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News Release - Experts Address Need for Anaesthesia Services in Rural Canada

Monday, July 27, 2020

 Rural and remote areas of Canada, including many Indigenous communities, are at risk of losing surgical and obstetric services because of a shortage of anesthesia care providers.  
This means that pregnant woman in some Canadian communities will need to travel hundreds of kilometres to larger urban centres to deliver their babies, say researchers. Many receive almost no assistance for meals, housing or support for their other children. 

Dr. C. Ruth Wilson, a family physician in Yellowknife and Professor Emerita in the Department of Family Medicine at Queen’s University, and Dr. Beverley Orser,  the Chair of the Department of Anesthesiology and Pain Medicine at the University of Toronto and an anesthesiologist in the Department of Anesthesia, Sunnybrook Health Sciences Centre, believe a national strategy must be developed and applied to address the shortage of family physician anesthetists in rural Canada. 

Canadians living in rural areas comprise 18 per cent of the population but are served by only 8 per cent of physicians. This lack of services disproportionally affects remote Indigenous populations, which often have poorer health outcomes than non-Indigenous populations. 

The specialty anesthesiology workforce comprises about 3,300 physicians, more than 13 per cent of whom are over the age of 65.  

Each year, 121 entry positions are available for specialty training in anesthesiology accredited by the Royal College of Physicians and Surgeons of Canada, but more positions are needed.  

Internationally trained specialists have filled some service gaps, but many international physicians struggle to obtain the national certification exam and provincial licensure. 

The creation of a national strategy for anesthesia services would be a major step forward toward ensuring that no pregnant mothers are forced to travel hundreds of kilometres from regional and rural health centres that that no longer provide robust maternal care programs.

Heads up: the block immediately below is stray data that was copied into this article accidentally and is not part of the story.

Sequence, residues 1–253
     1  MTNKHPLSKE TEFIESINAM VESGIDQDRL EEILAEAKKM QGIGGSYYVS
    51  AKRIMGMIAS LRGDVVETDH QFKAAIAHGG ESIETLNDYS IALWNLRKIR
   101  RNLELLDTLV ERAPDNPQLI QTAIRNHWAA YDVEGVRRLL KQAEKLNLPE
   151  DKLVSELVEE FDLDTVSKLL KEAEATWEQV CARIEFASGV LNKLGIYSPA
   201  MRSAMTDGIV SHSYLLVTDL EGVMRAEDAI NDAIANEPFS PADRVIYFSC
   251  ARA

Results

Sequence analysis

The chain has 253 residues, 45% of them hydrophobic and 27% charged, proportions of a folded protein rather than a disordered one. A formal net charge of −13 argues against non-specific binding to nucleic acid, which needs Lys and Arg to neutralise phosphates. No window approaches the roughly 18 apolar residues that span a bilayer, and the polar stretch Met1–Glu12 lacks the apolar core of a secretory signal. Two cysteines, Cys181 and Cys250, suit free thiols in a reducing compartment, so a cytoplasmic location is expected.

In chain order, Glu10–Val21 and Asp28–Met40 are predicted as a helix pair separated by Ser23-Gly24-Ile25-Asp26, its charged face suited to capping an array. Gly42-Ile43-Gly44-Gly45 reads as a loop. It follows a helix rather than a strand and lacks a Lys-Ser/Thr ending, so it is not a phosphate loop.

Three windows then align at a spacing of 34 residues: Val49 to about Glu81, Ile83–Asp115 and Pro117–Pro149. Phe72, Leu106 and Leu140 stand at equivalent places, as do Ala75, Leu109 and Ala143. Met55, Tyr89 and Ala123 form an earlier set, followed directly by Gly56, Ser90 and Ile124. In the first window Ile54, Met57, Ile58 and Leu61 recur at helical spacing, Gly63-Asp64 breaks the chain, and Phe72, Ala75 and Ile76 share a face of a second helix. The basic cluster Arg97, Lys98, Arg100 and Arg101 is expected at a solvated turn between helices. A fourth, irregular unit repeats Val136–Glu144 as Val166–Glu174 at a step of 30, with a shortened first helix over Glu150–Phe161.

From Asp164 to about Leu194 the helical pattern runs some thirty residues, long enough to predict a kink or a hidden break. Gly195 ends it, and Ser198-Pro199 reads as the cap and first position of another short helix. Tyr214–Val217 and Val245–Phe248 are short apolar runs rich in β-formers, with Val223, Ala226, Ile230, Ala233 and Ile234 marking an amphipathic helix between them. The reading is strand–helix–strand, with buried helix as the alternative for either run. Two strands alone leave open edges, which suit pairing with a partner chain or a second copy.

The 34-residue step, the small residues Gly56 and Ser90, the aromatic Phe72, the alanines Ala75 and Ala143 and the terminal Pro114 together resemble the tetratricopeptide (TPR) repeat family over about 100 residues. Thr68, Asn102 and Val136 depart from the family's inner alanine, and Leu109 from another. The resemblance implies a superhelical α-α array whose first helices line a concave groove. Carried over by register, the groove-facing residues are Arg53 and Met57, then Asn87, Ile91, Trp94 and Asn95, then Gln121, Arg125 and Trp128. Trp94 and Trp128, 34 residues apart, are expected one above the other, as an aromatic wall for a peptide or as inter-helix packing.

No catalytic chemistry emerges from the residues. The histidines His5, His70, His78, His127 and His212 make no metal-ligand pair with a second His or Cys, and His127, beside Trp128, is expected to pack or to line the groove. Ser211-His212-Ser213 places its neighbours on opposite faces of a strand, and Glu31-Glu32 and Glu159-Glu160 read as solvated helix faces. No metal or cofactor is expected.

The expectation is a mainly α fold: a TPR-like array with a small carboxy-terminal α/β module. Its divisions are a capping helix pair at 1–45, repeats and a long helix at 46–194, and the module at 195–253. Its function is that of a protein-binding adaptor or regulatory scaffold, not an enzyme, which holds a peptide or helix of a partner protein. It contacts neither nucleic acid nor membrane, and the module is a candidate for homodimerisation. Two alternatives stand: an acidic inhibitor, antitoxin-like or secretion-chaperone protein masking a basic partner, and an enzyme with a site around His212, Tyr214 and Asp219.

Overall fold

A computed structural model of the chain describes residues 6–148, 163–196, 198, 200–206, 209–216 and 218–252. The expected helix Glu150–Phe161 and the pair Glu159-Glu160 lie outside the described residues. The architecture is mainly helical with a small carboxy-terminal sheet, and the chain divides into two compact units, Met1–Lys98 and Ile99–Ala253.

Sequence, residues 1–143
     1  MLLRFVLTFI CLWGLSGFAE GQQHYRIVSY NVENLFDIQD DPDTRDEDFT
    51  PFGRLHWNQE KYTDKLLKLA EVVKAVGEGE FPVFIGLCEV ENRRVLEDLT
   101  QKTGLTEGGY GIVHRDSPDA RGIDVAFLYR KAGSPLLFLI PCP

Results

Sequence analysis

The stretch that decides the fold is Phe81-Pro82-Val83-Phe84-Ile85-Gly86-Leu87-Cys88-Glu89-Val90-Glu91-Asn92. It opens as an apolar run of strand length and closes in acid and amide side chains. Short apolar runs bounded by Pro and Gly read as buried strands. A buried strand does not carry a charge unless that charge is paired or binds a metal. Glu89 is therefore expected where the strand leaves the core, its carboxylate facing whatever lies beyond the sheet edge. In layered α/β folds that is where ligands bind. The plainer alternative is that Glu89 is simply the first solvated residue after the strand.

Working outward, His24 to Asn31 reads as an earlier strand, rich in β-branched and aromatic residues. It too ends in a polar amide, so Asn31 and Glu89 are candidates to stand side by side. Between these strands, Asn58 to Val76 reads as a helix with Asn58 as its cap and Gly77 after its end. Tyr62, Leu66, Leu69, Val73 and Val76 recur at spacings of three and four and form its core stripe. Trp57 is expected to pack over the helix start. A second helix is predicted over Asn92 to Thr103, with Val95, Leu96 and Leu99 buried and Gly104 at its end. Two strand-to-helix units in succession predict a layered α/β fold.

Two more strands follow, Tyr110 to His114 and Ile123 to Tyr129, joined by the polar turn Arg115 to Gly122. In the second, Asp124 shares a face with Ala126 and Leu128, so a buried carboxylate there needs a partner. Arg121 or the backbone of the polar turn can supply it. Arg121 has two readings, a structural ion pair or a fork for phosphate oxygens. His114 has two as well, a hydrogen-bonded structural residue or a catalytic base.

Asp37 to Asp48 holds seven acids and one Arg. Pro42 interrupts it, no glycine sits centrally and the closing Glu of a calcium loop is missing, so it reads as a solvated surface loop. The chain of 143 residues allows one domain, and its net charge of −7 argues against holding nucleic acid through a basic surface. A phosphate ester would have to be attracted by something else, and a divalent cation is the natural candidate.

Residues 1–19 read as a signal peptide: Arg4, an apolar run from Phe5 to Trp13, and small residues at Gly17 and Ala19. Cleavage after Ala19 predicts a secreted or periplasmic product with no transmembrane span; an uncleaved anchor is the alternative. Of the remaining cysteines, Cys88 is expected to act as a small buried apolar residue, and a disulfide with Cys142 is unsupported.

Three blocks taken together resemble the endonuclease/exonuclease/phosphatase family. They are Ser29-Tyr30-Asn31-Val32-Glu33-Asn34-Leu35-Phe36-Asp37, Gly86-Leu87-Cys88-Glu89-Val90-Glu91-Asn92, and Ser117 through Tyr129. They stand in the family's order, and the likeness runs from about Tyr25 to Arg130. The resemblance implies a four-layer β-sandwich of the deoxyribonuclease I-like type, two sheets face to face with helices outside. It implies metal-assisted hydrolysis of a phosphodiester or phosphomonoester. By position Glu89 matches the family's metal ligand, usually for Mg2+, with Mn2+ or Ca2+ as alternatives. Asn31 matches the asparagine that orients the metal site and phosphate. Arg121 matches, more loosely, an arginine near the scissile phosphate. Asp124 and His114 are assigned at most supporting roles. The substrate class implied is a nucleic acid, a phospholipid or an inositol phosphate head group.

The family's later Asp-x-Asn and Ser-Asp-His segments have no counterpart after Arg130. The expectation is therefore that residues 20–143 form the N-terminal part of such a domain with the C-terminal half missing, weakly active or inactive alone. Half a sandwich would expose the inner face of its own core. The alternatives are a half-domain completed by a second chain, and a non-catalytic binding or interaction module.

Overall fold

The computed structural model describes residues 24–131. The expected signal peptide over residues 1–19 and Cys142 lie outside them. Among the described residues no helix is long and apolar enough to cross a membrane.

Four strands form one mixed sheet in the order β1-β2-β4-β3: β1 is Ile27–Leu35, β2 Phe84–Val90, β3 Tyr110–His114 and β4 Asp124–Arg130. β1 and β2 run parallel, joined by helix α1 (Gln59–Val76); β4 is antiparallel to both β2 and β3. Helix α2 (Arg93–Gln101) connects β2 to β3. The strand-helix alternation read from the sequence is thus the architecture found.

The article Canada Needs a National Strategy for Anesthesia Services in Rural and Remote Regions,  will be published  July 27 in the Canadian Medical Association Journal (CMAJ). 



“Anesthesia relieves pain which would otherwise be intolerable. Canada needs a national strategy to ensure that everyone can access anesthesia care as close to home as possible. This is a particular challenge for rural and remote parts of our country.”  Dr. Ruth Wilson, family physician in Yellowknife and Professor Emerita in the Department of Family Medicine at Queen’s University   

“We know that if a person lives in a rural or remote part of Canada, they have a higher chance of dying if they experience trauma or a major illness. Canadians living in rural and remote communities tend to have more health concerns and have poorer health outcomes, compared with those who live in cities. Rural and remote communities need more anesthesia care providers, and we wanted to identify solutions on how to improve address this gap and improve access to care.” Dr. Beverley Orser, chair of the Department of Anesthesiology and Pain Medicine at the University of Toronto’s Faculty of Medicine.  


Canada Needs a National Strategy for Anesthesia Services in Rural and Remote Regions 


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Media Contacts   
Julie Brown  

Media Relations Officer  



Gabrielle Giroday 

Media and Communications Specialist, University of Toronto 




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